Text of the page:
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Modifying Custody


Talk to an Attorney

Modifying custody can be complicated. Consider talking to an attorney to go over your options. One way to talk to an attorney is to visit a free legal clinic. Clinics provide general legal information and give brief legal advice. For more information, see our webpage on Finding Legal Help.


Jurisdiction

The Utah court must have "jurisdiction" to modify custody. Jurisdiction can be very complex, especially if the controlling order was entered in a state other than Utah or the child or the parents reside in a state other than Utah. Before spending the time and money to modify child custody in a Utah court, make sure that the Utah court, rather than the court of another state, has jurisdiction. For more information, see our chart outlining Jurisdiction to Modify a Custody or Parent-time Order.


Types of Custody

There are two parts to custody: physical custody and legal custody. Physical custody means where the children live; legal custody means which parent has the right to make important decisions about the children. Unless there is domestic violence in the family, or the child has special needs, or the parents live far apart, or there is some other factor the court considers relevant, joint legal custody is presumed to be in the child's best interest. A party may overcome this presumption with suitable evidence. Utah recognizes several custody arrangements for minor children. These include:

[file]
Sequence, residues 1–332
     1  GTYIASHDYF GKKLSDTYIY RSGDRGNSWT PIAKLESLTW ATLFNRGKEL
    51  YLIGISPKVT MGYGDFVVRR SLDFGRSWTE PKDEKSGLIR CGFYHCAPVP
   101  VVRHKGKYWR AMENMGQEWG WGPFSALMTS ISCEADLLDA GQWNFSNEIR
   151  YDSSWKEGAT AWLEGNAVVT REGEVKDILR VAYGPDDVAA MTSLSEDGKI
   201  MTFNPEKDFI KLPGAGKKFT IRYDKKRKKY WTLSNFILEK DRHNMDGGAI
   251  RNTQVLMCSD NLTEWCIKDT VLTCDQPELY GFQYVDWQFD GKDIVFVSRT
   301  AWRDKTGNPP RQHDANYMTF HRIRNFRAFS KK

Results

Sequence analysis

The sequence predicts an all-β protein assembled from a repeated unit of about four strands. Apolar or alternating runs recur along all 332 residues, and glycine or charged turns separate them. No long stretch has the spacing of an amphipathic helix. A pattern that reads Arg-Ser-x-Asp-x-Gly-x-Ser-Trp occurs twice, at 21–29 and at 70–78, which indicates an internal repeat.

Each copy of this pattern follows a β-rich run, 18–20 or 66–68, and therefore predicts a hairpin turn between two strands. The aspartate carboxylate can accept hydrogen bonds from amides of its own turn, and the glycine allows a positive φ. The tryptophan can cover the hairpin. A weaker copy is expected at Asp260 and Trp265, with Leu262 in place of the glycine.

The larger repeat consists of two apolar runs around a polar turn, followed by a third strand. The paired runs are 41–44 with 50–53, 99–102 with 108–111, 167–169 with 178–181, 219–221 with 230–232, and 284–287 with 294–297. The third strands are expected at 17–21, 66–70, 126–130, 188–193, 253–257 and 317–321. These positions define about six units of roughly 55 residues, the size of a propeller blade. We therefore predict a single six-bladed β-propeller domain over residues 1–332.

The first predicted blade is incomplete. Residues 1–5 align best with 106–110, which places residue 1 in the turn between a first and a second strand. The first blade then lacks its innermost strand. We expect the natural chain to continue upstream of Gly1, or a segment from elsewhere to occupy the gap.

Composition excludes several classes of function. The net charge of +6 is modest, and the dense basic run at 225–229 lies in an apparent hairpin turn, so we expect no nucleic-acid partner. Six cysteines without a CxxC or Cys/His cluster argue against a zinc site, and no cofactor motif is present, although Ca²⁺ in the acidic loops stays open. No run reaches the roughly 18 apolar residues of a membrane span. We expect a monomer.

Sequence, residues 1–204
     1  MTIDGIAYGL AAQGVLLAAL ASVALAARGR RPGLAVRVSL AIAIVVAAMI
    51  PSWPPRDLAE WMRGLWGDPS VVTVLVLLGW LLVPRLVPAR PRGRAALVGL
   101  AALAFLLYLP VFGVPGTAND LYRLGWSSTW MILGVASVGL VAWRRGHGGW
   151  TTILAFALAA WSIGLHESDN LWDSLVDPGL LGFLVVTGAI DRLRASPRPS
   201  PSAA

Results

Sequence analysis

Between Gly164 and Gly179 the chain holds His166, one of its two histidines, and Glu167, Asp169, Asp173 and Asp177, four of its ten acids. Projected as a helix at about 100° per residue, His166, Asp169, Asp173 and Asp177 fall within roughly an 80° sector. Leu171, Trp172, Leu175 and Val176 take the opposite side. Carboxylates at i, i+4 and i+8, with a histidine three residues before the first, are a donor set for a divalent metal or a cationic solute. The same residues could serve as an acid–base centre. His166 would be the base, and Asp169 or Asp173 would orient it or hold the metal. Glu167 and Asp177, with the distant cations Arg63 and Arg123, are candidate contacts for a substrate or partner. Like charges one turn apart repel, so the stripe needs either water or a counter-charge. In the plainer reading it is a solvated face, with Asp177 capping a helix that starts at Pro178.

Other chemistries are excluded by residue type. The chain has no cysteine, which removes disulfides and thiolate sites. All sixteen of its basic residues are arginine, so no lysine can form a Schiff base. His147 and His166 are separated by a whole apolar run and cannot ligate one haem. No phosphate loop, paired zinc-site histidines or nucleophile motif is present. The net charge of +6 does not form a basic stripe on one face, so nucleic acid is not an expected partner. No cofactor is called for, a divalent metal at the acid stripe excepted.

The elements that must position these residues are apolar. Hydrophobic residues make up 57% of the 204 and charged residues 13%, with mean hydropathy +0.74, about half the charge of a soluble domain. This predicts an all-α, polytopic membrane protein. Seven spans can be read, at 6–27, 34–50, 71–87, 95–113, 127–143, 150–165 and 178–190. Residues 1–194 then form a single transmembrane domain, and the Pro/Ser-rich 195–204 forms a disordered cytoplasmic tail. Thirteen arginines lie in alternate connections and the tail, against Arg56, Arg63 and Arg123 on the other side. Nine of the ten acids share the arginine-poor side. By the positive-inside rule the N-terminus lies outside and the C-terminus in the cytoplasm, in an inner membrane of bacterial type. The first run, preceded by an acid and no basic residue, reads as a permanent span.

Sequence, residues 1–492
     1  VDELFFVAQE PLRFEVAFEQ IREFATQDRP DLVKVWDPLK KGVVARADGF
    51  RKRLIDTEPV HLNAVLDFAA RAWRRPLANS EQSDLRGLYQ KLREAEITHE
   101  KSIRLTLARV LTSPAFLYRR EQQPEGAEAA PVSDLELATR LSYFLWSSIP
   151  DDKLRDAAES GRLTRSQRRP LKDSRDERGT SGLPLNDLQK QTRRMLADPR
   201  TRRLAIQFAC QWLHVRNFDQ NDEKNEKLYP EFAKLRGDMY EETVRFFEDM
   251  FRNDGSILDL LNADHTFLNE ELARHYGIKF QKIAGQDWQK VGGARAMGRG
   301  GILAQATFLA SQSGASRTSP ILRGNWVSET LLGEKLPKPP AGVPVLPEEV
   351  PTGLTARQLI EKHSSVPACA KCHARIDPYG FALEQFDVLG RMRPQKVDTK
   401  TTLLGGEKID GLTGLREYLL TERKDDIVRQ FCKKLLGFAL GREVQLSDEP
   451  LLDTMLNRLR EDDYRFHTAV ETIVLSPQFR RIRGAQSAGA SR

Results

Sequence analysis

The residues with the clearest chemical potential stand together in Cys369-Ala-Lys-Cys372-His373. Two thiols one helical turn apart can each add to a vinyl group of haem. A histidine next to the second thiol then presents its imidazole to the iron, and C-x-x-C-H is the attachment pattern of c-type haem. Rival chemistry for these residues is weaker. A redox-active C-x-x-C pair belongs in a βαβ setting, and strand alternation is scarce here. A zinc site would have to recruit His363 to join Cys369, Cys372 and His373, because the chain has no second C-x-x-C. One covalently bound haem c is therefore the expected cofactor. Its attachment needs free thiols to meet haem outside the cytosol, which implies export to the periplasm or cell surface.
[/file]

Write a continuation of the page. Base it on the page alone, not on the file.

Sole Legal and Sole Physical

Either parent can be awarded the sole custody of the children. This means that the children live with one parent and that parent makes the major decisions about the children's lives. If sole custody is awarded, the non-custodial parent is awarded parent time with the children. Utah has a standard parent time schedule for children 5 and older, and a standard parent time schedule for children under 5. Parents can obtain a court order that is different from the standard parent time schedules. The court can order any schedule that is appropriate for the children and the parents.